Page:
Book Review: Minutes Before Sunset

“He hadn’t smiled since mom died. I wasn’t allowed to smile either. In fact, our whole community didn’t smile. At six years old, I didn’t understand, because I couldn’t understand, but I would later. I knew that much.” 

So begins Shannon Thompson’s engaging fantasy novel Minutes Before Sunset and what a turn up for the books it is. An ideal gift for any teenage fantasy/supernatural fan, Thompson’s writing is easy to follow and even easier to be drawn into.

The official blurb for the book is this:

“She was undoubtedly a shade, but I didn’t know her.

Eric Welborn isn’t completely human, but he isn’t the only shade in the small Midwest town of Hayworth. With one year left before his eighteenth birthday, Eric is destined to win a long-raging war for his kind. But then she happens. In the middle of the night, Eric meets a nameless shade, and she’s powerful—too powerful—and his beliefs are altered. The Dark has lied to him, and he’s determined to figure out exactly what lies were told, even if the secrets protect his survival.

He had gotten so close to me—and I couldn’t move—I couldn’t get away.

Jessica Taylor moves to Hayworth, and her only goal is to find more information on her deceased biological family. Her adoptive parents agree to help on one condition: perfect grades. And Jessica is distraught when she’s assigned as Eric’s class partner. He won’t help, let alone talk to her, but she’s determined to change him—even if it means revealing everything he’s strived to hide.”


This gives a pretty good introduction to the plot line of Thompson’s story as well as the feel for her writing style. It’s classical teen fantasy writing which comes as no surprise when you realise the author has only just left her teenage years behind.

Indebted to her mother – Shannon Thompson’s life

It is clear that this young author feels a debt of gratitude to her mother who taught her to ‘write for yourself and edit for others’. I personally think this is inspired advice for anyone and Shannon certainly took it to heart. Her mother passed away when Shannon was eleven but the young author continues to write for her to this day. Thompson published her first book November Snow when she was sixteen. Minutes Before Sunset  is her second. In all, she has eight books in various stages of preparation for publication.  All this despite the fact Shannon is only 22 and currently finishing her degree in English at the University of Kansas.

I’m quite astonished by how much this young lady has achieved in such a short time. Actually, it might be truer to say I’m jealous! I’m still awaiting the publication of my own novel and I’m 42. Shannon’s presence on social media has also made sure the book has been widely read, reviewed and shared which has seen it rise up the book ratings at speed. Not only does Thompson write well, she knows how to win a loyal audience too.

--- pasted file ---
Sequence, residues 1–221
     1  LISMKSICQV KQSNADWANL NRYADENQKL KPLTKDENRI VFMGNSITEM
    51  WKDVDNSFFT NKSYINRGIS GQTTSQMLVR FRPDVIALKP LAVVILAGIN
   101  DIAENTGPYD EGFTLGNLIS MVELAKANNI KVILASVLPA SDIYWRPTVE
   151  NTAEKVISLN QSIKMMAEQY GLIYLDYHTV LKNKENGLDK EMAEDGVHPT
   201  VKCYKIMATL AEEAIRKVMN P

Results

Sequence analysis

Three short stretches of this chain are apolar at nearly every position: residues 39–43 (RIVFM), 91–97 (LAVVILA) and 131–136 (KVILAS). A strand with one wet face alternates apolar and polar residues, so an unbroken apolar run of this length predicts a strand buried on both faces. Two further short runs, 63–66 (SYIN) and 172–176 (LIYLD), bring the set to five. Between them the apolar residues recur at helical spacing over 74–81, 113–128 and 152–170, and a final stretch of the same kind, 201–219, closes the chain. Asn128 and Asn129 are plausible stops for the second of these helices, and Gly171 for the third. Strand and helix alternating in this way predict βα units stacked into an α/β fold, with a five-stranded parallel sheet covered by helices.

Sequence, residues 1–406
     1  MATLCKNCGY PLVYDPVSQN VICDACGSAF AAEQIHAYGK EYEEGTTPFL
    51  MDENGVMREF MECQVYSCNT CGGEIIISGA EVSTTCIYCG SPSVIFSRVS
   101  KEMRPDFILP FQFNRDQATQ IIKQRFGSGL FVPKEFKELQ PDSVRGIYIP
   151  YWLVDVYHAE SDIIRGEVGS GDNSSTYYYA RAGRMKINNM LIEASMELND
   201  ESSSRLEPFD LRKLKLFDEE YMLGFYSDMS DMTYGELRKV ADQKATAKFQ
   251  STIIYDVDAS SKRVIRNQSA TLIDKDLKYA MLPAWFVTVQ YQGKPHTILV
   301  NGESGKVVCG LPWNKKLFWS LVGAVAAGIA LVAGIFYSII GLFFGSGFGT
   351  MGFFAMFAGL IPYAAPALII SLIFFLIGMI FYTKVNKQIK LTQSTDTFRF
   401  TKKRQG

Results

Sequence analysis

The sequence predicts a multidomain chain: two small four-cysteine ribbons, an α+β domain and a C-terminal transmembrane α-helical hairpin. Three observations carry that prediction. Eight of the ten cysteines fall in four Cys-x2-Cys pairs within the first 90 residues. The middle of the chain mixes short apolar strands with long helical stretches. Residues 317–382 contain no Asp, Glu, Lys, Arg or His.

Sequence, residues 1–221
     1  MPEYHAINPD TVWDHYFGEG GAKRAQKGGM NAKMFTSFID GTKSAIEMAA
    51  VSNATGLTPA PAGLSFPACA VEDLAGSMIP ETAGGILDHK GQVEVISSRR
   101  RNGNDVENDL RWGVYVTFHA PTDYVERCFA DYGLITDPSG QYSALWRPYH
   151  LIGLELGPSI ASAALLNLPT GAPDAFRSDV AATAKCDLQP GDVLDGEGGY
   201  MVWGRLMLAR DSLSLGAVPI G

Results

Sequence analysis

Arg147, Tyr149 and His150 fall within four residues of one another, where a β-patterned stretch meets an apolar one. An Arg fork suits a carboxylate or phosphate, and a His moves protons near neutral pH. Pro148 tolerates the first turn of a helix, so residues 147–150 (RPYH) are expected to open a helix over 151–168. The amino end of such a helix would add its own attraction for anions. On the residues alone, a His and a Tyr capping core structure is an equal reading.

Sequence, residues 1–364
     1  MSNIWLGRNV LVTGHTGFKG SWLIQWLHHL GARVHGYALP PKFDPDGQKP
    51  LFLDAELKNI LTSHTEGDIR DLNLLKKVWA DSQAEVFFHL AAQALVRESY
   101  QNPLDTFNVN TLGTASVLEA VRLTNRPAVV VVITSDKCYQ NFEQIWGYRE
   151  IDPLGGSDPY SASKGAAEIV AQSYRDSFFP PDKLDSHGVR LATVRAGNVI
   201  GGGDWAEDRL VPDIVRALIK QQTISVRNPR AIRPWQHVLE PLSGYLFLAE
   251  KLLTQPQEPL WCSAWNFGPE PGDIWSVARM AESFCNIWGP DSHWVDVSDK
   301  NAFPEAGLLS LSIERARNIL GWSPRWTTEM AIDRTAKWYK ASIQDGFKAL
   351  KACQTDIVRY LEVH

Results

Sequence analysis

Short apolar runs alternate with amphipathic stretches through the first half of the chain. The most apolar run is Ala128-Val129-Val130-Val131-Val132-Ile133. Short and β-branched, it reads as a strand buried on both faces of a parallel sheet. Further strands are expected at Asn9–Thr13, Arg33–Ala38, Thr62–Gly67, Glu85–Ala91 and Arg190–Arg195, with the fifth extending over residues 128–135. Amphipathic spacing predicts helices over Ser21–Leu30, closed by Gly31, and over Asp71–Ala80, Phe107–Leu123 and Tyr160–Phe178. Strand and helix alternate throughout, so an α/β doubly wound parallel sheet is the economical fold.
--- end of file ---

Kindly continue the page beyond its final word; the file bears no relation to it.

My Thoughts about Minutes Before Sunset

I do like some fantasy fiction – usually either classics such as Tolkien’s Lord of the Rings or humorous like Terry Pratchett’s Discworld series – but I’m not a big fan of neo-gothic teen fantasies which are all the rage. While I loved Anne Rice‘s re-imagining of the Dracula myth back in the 80s the current run of Vampire Diaries and the like leave me cold.

I undertook reading Minutes Before Sunset then, as a labour of love for a young author whose blog I already followed and who I wanted to support. I expected I would wade through the book reluctantly and find myself searching for nice things to say about it. I was wrong.

In fact, within the first 20 pages or so, I was hooked. The surly Eric Welborn character (secretly in pain from the past and weighed down by the burden of high expectations) was one which resonated with memories of my own teenage years – though I had no prophecy over me insisting I was to fight and save the world! I suspect all male teenagers will sympathise with Eric’s feelings even without his supernatural powers. The character of Jessica I found harder to warm to and would have liked more grit to her background, nevertheless, she was believable and though it was obvious what was to come, I was not disappointed with her role. Both of them are characters which teenagers will relate to.

The book is not perfect. There are a few grammatical errors and Shannon’s use of speech certainly isn’t the way I’d do it. But these are small quibbles and ones I quickly forgot about as I got deeper into the story. Even with them, her writing is remarkable and way beyond her years. The plot is clear, the characters consistent and, overall, I found the book compelling. When I finished it I found myself disappointed the story had come to an end. Thompson certainly left this reader ‘wanting more’. What more can I writer hope for?

The book does not stand alone but is part of the Timely Death series. I’m very much looking forward to the next instalment – Seconds Before Sunrise which is due out later this year.

If you would like to try Minutes Before Sunset for yourself, you can read a preview by clicking this link (it will open a PDF file on another page): Minutes Before Sunset Preview.

You can buy a full copy on here.

or here.

You can follow Shannon Thompson’s progress on her blog


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